Inclusion and equalities discussion event – Leeds

Tricia Rich, Public Health England (originally posted February 2015)

On Monday 23 February, VCSE organisations met in Leeds to discuss the four questions guiding the inclusion and equalities work theme. Some headlines from the discussion are listed below.

For more detailed notes from the discussion please download the documents at the end of the post.

What are the particular challenges faced in achieving funding and building partnership for organisations working with specific communities, or groups with protected characteristics?

  • Larger organisations tend to win tenders – small and medium sized organisations miss out.
  • Types of funding
  • Lack of statutory sector engagement
  • Welfare Reforms

Some charities and causes are more appealing to the general public than others. Should central government or local statutory organisations focus more support on those charities or causes less likely to attract charitable donations because they are less well-known or popular, or which affect smaller communities or groups?

And

There is evidence that work with some groups and communities is more likely to be affected by funding cuts than others. Should central government bodies or local statutory bodies direct their funding to compensate for any disproportionate impact?

  • Easier for large organisations to get funding
  • Fundraising is more difficult for those doing unpopular work / strategic work
  • Lack of statutory consultation
  • Impact is favoured over need
  • Where the public is less likely to fund, is also likely to be where government funding cuts also hit, this makes it harder to argue that statutory funding should compensate. Therefore the VCSE sector need to demonstrate both 1) their impact and 2) their challenges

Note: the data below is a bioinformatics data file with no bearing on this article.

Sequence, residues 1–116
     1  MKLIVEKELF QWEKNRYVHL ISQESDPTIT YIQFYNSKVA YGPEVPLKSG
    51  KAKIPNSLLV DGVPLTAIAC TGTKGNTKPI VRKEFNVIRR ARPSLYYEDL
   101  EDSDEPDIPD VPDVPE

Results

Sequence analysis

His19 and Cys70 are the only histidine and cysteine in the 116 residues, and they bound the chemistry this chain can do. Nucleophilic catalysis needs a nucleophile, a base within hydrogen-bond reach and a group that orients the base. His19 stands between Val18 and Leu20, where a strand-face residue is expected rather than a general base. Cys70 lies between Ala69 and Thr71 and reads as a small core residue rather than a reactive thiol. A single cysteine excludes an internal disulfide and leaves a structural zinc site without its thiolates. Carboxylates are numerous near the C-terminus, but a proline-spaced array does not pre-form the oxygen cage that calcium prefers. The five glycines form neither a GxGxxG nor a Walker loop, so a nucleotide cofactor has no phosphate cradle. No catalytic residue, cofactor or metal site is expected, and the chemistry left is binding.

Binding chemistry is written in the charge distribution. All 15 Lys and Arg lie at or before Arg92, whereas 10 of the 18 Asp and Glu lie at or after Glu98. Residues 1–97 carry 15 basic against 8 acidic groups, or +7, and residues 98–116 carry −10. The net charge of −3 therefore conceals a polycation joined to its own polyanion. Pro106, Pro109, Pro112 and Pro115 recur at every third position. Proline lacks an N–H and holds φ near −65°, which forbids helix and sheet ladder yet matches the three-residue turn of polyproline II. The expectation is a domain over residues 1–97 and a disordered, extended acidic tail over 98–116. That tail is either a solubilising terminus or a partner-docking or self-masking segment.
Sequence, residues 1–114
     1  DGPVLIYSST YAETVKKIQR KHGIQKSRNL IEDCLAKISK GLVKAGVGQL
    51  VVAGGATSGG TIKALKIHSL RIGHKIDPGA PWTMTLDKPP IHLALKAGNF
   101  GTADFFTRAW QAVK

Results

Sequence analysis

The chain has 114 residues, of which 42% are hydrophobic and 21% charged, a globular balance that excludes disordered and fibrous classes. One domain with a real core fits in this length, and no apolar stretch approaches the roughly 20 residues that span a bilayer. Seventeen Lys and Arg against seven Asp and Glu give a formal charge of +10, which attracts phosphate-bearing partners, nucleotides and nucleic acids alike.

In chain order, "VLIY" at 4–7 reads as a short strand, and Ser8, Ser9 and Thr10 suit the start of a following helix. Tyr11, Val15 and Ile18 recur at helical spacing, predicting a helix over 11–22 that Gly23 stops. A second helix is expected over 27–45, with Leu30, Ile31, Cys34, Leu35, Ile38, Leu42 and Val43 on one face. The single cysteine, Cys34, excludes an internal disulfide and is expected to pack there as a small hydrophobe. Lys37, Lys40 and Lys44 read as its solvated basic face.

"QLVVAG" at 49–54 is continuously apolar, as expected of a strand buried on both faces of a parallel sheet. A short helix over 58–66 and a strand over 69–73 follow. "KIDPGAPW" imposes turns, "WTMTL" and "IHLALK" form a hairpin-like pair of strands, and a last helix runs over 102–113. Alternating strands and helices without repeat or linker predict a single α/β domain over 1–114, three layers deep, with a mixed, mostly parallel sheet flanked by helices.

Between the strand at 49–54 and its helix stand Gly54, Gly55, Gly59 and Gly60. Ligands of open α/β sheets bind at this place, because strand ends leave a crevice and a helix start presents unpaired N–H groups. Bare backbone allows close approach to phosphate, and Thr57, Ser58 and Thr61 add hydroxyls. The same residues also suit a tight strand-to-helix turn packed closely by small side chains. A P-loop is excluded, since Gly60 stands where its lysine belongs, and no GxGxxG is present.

A key feature of the VCSE sector has been its willingness to challenge discrimination and inequality. Do new models of funding compromise the sector’s independence? What examples are there of how the statutory and VCSE sectors can work together to maintain VCSE organisations’ role as critical friend and champion of those who are excluded or marginalised?

  • Impact of cuts on organisations has been severe
  • Effects of types of funding
  • How do we develop a model of funding that will benefit the sector?

Summary

  • Need for commissioners and VCSE sector to have stronger dialogue and work together better
  • Impact on workforce of smaller and shorter grants
  • Challenge of making the argument that statutory funding should compensate for lack of public funding or impact of government cuts
  • Challenge of dealing with issues that are not attractive, until they become ‘acute’
  • Costs of interpreters – massive barrier across all outcomes / out-put / target group
  • Perception of provision and delivery of public services, relates to peoples understanding of balance of what government  / private / VCSE provides
  • What role does VCS think it has for health? Education, service delivery etc

Notes from 23 Feb inclusion & engagement event Leeds

Notes from Leeds VSCE review event 23rd February

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